We think there some deeply disturbing and difficult philosophical questions lurking beneath the surface here.   The phenomenon of actor-observer bias suggests that we aren’t very good at evaluating the moral character of others.  But it turns out that much of what we believe about ourselves may be self-serving confabulation that serves to protect a possibly false self-image.  And we use that delusional self-image as a license for morally problematic behavior.   As philosophers who believe in objective morality, we need to ask whether there are any objective facts about our moral characters.   Could we come to know such facts?  Or is self-serving confabulation really the best that we can do?   And if it is the best that we can do, should we just give up on the very idea of objective moral standards?   Those are some of the questions we’ll put to our guest – the renowned social psychologist, Benoit Monin from Stanford University, who has done much ground-breaking research on morality and the self. 

This weeks program, by the way, was  another in our series of live performances at the Marsh Theater in San Francisco.  Though that means you won’t be able to join our on-air conversation, you can continue the conversation here on this blog by posting a comment.

If you haven’t yet been to one of our live performances either locally at the Marsh or around the country, you need to come check us out.  If I do say so my self,  we put on a great show!  Besides the material you hear on the radio broadcast, there’s a lot that happens at our live events that doesn’t make it on air.  Merle Kessler and his partner in crime Joshua Broady, frequently write and perform original, comedic songs for the occasion (click here for the two from this show).   Our Roving reporter takes full advantage of the fact that we have an audience, a stage, and the ability to show videos to put on quite extended and gripping multi-media versions of her on-air reports.  You get to see John (winner of this year’s Ignoble Prize In Literature for his essay “Structured Procrastination”) and me  (winner of nothing in particular) up close and personal.   And you get to see radio actually being made. 

 I mention this because we’re about to do it again.   Sunday, October 9th, at the Marsh Theater in San Francisco’s Mission District.   If you are anywhere near town that day.  You’ve got to come and check us out.   You can find out more here and you can purchase tickets here.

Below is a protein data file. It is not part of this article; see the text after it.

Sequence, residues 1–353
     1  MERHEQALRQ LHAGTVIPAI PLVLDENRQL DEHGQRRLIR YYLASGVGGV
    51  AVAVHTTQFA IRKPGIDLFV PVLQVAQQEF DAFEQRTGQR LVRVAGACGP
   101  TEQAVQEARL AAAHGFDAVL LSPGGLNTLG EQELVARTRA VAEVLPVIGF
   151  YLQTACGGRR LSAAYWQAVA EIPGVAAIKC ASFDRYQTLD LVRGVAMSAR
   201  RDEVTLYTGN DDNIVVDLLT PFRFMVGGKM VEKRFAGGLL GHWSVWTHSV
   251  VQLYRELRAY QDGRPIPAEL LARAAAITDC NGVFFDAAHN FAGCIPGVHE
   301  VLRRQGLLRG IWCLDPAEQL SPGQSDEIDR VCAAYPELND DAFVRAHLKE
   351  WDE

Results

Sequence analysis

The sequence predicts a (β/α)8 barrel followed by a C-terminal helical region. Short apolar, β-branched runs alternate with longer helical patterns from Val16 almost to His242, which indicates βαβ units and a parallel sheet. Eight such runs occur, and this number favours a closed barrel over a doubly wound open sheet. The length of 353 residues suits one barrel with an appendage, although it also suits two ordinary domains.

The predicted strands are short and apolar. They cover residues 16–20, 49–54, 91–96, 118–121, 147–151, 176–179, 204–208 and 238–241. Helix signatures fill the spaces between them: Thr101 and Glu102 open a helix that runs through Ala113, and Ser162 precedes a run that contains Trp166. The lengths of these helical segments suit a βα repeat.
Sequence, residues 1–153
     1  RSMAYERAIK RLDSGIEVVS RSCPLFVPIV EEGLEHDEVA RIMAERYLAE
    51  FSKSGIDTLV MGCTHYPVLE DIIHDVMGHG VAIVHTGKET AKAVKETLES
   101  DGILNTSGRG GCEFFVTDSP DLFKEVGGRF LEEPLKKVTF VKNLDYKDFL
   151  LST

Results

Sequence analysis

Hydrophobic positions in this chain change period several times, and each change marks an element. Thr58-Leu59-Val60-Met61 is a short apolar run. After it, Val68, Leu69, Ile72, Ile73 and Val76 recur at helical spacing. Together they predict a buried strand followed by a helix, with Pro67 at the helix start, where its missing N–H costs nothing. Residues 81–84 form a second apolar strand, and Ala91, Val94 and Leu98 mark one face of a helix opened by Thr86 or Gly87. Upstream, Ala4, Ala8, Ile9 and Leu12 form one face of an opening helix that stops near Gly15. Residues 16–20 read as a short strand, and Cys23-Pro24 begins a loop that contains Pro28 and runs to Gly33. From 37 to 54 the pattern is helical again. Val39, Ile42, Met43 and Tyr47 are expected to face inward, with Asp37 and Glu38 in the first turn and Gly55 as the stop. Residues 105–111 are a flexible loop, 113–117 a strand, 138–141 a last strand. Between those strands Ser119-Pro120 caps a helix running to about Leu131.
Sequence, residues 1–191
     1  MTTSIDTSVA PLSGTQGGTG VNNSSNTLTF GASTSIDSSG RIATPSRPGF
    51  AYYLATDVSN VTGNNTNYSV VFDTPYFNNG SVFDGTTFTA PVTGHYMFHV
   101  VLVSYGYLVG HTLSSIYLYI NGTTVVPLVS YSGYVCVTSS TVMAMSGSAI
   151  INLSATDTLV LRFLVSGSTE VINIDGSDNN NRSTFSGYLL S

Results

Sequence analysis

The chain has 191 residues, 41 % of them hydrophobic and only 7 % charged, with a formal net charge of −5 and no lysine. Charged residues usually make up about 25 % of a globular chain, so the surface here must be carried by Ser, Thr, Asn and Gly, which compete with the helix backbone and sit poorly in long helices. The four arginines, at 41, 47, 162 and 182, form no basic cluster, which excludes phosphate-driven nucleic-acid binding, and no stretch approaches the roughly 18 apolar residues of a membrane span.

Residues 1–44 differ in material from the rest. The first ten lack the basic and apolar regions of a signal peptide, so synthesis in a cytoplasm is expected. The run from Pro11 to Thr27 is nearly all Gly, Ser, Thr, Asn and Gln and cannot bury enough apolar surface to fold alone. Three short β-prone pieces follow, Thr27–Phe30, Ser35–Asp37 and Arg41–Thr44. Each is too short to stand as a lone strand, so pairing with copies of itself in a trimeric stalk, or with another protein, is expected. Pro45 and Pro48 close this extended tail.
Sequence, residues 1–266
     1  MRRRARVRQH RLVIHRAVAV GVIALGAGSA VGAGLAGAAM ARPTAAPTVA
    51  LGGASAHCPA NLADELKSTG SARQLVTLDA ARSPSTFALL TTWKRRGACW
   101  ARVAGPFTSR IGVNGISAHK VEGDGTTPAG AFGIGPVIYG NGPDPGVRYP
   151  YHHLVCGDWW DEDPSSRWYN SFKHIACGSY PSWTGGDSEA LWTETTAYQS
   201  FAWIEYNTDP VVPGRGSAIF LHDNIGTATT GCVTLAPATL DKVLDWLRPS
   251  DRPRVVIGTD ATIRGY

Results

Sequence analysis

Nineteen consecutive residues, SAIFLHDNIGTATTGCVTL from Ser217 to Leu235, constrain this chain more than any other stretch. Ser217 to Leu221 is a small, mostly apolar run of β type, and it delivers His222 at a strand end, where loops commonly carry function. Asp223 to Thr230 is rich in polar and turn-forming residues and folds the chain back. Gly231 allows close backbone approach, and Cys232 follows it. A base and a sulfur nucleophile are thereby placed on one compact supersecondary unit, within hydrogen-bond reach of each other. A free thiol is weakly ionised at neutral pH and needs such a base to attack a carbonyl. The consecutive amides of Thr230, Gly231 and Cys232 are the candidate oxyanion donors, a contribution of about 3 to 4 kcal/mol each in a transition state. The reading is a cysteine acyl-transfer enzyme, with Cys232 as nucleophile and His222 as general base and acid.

Photo by Clay Banks on Unsplash


Comments (7)

Guest's picture


Thursday, September 29, 2011 -- 5:00 PM

I live by a simple moral code

I live by a simple moral code of equality,
And find it just, absolute, universal, and free.
When all is equal all is One.
Be One too.
Just me,

Guest's picture


Friday, September 30, 2011 -- 5:00 PM

Many, if not necessarily most

Many, if not necessarily most, of us are pretty decent sorts. Certainly, there are those of us who freely and avidly participate in one or more of the seven deadlies. And among those of us who do not, the libertines raise proverbial red flags on a regular basis. As I seem to recall, Philoso?hy Talk, the blog has addressed relativism before, probably more than once. The Catholic Holy Father has himself railed, albeit beatifically, against relativism and the detrimental role it plays in modern society. Popular culture (and the paradigm shifts it supports) is a huge advocate of the relativistic modus operendi.
And so, morality becomes, uh, old fashioned. For some of us. And as THAT paradigm gains a firmer foothold, those of us who believe ourselves to be pretty decent sorts are joined by those who might not be so much, but who also believe they are. A vicious circle?Or just another new paradigm? Hmmmmmm.

mirugai's picture


Saturday, October 1, 2011 -- 5:00 PM


1. No one admits they are wrong, and
2. It is instinctive to seek confirmation of what one already believes, ergo ?I think I?m a pretty good person.?
The very most you can ask for from others is that they make reference to some source other than their own greed for power and money, for confirmation.
Only philosophers would try to practice ?the examined life? by self-debate. No one else does this. No one is motivated by what they should do; they are motivated by what they want to do; and then they look for, or make up, some non-responsible (i.e., deterministic) reason for their behavior, if they think about it at all.